- the mortgages securing the loans are not subject to claw-back actions when they are registered more than ten days before the publication of the decision declaring the insolvency of the borrower;
- the title for enforcement (i.e. the notarised loan agreement) must not be served to the borrower;
- enforcement actions over the mortgaged assets can be started or continued by the bank even following the declaration of insolvency of the debtor, whereby under ordinary rules such initiatives would be void for the lender and following insolvency an enforcement proceeding is automatically stopped/prevented;
- the bank is entitled to receive any income deriving from the mortgaged assets (i.e. rentals) even in case of insolvency of the borrower.
For a long time, case law deemed that exceeding the said 80% LTV threshold did not cause any nullity of credito fondiario loans, as such limit was considered as a mere good conduct rule triggering only administrative sanctions provided under the banking system (such stance was lastly rendered by the Supreme Court’ decision no. 4471/2016).
Those authors maintaining that the violation of such limits should instead amount to nullity of the loan agreement based their stance on the interpretation of article 117 of Italian Banking Law, pursuant to which the Bank of Italy may request that certain contracts have a typical, pre-determined form and content, and that in case of breach, the relevant contracts are to be considered null and void. However, case law so far maintained that rules oncredito fondiario provided for by article 38 of Italian Banking Law were not subject to said article 117, and therefore their breach will not lead to nullity.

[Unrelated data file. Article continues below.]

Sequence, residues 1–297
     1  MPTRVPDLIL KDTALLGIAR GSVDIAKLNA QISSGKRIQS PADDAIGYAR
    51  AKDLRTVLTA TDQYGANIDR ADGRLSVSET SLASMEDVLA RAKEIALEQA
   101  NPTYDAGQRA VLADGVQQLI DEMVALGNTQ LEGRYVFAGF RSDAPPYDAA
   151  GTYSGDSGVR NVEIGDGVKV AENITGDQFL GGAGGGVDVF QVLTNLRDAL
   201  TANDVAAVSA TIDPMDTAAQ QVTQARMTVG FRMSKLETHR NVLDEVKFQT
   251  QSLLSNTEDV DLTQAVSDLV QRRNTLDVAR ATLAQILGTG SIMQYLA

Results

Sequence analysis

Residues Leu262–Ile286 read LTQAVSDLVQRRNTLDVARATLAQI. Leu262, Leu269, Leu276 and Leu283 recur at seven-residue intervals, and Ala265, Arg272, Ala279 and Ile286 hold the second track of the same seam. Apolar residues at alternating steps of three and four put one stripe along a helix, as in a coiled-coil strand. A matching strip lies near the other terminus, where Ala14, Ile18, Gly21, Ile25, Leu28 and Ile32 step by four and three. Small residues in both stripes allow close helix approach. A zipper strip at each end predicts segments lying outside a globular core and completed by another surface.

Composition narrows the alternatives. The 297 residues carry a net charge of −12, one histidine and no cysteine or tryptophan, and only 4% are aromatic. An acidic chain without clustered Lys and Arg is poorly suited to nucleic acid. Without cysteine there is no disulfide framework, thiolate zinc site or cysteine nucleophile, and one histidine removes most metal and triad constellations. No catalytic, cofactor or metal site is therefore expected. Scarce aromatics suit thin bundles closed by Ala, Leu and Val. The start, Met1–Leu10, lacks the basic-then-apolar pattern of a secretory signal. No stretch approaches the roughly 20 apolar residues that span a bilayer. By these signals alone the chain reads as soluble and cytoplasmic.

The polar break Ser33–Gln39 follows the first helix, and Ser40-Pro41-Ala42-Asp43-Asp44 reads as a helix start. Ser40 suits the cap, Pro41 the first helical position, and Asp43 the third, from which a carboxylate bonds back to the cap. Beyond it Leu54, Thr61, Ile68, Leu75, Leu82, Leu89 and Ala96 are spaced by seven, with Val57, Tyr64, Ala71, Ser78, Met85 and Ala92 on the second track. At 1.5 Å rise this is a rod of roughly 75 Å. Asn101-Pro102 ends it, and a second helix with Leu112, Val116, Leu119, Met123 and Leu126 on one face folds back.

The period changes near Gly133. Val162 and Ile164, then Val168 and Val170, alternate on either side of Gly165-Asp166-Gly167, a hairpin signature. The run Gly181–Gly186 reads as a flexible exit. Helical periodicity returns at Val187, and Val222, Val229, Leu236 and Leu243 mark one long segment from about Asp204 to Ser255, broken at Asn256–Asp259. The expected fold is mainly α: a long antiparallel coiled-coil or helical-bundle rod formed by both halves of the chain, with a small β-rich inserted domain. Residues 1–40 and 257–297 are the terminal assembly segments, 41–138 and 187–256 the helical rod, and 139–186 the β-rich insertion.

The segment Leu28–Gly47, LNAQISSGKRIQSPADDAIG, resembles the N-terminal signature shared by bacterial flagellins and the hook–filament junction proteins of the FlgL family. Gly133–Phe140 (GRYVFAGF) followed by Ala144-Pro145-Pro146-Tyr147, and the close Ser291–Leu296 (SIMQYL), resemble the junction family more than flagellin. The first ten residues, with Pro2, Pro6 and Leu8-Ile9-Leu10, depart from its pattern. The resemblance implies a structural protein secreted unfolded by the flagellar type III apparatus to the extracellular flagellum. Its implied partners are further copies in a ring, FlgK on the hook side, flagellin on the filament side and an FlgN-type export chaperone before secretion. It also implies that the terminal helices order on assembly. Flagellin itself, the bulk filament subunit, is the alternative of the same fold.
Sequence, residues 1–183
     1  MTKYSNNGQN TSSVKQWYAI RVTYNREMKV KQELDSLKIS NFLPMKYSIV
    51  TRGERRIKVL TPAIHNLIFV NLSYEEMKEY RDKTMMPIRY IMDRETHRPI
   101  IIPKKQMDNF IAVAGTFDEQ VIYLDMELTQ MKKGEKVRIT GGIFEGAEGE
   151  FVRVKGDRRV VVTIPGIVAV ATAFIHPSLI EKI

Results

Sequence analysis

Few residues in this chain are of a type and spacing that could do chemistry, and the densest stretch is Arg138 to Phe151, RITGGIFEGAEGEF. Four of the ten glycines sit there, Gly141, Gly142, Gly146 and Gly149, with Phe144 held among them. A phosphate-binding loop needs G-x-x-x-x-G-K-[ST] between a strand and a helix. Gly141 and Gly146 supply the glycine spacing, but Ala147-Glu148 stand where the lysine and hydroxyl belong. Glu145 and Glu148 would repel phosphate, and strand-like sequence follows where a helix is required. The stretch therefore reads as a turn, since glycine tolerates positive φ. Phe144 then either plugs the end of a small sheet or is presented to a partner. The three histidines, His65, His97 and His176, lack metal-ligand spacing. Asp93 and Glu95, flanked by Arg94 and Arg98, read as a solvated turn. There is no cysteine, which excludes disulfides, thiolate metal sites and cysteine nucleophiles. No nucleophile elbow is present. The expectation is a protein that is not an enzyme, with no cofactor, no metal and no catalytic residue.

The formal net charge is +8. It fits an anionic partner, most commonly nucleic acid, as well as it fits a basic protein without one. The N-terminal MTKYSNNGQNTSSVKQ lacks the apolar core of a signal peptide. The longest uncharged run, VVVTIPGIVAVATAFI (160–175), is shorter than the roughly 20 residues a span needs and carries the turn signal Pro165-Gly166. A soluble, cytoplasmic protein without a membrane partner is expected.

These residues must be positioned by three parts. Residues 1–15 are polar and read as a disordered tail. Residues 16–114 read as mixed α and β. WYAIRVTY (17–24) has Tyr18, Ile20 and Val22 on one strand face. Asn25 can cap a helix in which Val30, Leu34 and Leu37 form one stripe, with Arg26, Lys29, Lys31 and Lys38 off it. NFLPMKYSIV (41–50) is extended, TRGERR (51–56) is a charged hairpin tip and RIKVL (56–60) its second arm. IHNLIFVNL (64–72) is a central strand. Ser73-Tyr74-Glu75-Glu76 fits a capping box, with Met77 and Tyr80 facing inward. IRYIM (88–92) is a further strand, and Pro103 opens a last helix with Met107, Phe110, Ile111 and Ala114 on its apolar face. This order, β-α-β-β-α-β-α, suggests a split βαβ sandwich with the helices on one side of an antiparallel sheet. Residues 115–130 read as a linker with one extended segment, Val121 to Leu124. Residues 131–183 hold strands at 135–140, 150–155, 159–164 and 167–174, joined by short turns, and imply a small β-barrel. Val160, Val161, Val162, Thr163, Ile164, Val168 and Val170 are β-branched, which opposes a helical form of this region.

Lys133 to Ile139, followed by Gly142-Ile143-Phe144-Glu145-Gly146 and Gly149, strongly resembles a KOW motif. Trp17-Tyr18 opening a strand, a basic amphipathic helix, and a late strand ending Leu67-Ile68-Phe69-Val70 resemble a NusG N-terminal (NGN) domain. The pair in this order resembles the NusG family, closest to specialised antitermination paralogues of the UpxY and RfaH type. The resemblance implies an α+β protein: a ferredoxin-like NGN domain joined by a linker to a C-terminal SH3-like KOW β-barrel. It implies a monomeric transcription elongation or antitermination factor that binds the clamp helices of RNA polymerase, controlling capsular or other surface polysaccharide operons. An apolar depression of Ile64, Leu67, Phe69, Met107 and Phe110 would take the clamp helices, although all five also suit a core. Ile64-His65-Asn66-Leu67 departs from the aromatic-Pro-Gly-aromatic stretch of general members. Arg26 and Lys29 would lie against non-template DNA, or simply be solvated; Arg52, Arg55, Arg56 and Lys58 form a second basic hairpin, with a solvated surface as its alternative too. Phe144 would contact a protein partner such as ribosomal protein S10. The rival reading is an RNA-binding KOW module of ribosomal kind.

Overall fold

Through a revirement started with decision no. 17352 and 19015 of 2017, which has been confirmed by the recent decision no. 6586/2018, the Supreme Court expressed the different principle of law by which “the breach of the limit of 80% for loans pursuant to article 38 of Banking Law causes the nullity of credito fondiario loan, and given that such limit is of essential importance in qualifying the mortgage loan as credito fondiario, its breach leads to the automatic nullity of the whole contract, save for the possibility of its conversion in another type of mortgage loan contract, in case the relevant requirements are met”.
The Supreme Court did not consider the breach of the 80% threshold rule should give raise to nullity pursuant to article 117 Banking Law, but to nullity under ordinary provisions of Italian law, a such rule is aimed at pursuing public national economic interests and that, therefore, qualifies as an essential element of a credito fondiario loan contract.
In the light of the above, loans granted in excess of said 80% limit, although bearing all features of the credito fondiario, could not benefit of the mentioned advantages, but the obligation of the borrower to repay principal and interest will not be affected, as will not be affected the right of the lender to the mortgage privilege (if so provided by law).